Episode 3 – Daniel Ingram Interview

An amazing interview with Daniel – really enjoyed this one! We were particularly blown away by his insights into the Goenka vipassana tradition, and why they don’t use the meditation maps. Goenka retreats were pivotal for both me and Jasmine, so it’s amazing to hear stories about his initial training, and why the retreats downplay or ignore ‘dark night’ or ‘dhukka nana’ phenomena (difficulties that can emerge during meditation).

Audio-only version

Audio version

Subscribe in your favorite podcast app:


  • 3:24 – Practice and framing. How one begins on the adventure of meditation. Starting a practice during COVID-19 lockdown?
  • 6:00 – Daniel Ingram’s practice day to day. Morality, concentration, wisdom
  • 10:50 – Fire Kasina technique & history
  • 13:30 – Meditation and scary events. Demons!
  • 19:00 – Magical practices, grimoires, entities in the practice and traditions
  • 20:15 – Loving kindness meditation (metta) origins
  • 22:00 Loving kindness towards entities
  • 23:00 Fire kasina & necessity for theory and roadmap
  • 24:00 Bill’s memories – encountering an entity in teenage years
  • 27:15 Bill reflecting on how this impacted practice
  • 29:50 Is any dose of meditation safe? Considering the Therevadan maps. Chapter 30 MCTB.
  • 38:00 Use of maps and how they’ve helped Ingram, benefits
  • 41:00 Daniel challenges others to bring forward insight on maps
  • 41:48 Why Therevadan maps are so useful. Possible drawbacks and why some people don’t like the insight maps
  • 44:42 Benefits of maps for meditation.
  • 46:00 Why does the Goenka meditation tradition not use the maps technology that is available? Why do they keep their students in the dark about it? #dhamma #vipassana
  • 48:00 Maps and how they script meditation experiences and paths
  • 52:50 Sayadaw ‘Noting’ practice
  • 54:47 Inside story on Goenka’s training and practice with Sayagyi U Ba Khin – along with fellow students Ruth Dennison, and Robert Harry Hoover. All were taught from the Visuddhimagga in very individualised ways. Goenka went on to teach the version he learnt, without the differentiation he’d received. The Visuddhimagga has many techniques for different types of people. When the students went on to try and teach together, they rapidly clashed as they realised they were all teaching different things!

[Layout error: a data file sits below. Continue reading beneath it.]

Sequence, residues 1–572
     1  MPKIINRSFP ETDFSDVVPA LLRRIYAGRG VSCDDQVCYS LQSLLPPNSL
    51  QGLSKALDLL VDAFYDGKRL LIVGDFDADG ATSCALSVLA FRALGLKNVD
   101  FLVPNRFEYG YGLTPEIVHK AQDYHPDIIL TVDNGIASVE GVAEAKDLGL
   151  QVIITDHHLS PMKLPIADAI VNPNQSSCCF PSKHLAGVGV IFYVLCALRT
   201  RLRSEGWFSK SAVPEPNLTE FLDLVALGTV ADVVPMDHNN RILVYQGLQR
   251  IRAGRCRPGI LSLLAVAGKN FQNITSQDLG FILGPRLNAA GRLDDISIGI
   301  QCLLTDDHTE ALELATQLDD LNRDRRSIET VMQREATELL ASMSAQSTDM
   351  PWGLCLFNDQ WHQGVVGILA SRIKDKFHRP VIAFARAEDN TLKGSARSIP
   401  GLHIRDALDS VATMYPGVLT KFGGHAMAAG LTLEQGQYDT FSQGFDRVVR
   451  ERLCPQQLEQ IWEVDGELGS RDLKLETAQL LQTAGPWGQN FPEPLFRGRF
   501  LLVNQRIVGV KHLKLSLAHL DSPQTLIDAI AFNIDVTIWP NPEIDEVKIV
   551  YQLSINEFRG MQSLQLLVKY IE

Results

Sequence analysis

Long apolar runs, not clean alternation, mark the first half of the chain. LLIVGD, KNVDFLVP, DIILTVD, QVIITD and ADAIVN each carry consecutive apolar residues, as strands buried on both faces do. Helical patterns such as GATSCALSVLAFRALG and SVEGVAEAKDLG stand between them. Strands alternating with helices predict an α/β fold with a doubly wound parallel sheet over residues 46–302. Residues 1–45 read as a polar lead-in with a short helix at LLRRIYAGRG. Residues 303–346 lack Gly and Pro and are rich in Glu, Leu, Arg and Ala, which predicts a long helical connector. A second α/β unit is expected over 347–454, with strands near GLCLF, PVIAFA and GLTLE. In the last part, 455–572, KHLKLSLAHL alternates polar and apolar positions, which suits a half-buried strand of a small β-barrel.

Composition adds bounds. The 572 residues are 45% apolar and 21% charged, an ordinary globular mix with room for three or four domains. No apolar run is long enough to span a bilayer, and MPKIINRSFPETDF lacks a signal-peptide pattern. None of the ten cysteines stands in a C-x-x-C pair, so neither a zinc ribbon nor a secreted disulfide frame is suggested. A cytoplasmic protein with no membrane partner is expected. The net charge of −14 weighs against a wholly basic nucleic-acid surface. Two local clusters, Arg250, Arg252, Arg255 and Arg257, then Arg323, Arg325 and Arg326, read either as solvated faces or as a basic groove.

• 56:48 Goenka did not have ‘dark night’ problems (dhukka nanas) – so never included warnings about them or help to navigate them in his teaching! With him around – and his warm, encouraging presence, his students didn’t run into so many problems.
  • 59:00 This difficulty of making any changes to the Goenka institution
  • 1:00:02 – The Fire Kasina – why did it get lost and why is it not more popular?
  • 1:10:10 Fire Kasina for beginners, and on retreat
  • 1:14:00 Bill & Jasmine’s ambitions for the podcast & current practice
  • 1:24:00 Scripting and the Jhanas
  • 1:29:50 Daniel’s thoughts on having a meditation teacher and how to find the right one.

We’d love to hear your thoughts on this one so do please email or leave us a comment below!



  1. Thanks Ash for the lovely comment! Thanks for listening and stay tuned. :D

  2. This is an insightful conversation with an important selection of topics; it’s weird that meditation challenges of this sort are not discussed as often. I appreciated that you openly shared your personal experiences, and the discussion on Goenka was particularly validating. A question came up after hearing what Daniel thinks about having a teacher: is it important to stick to one tradition, or could it be useful to explore many practices, whether from within Buddhism or from other traditions altogether? Perhaps you’ve discussed that in a previous episode or would be interested in taking it up in a future one or sharing your thoughts here. Cheers.

  3. Hey great to hear from you L!
    In my experience, a broader view can be helpful – but it’s good also to really dig into a practice that you find resonates. Yeah a good topic for future discussions!

Leave a Reply

Your email address will not be published. Required fields are marked *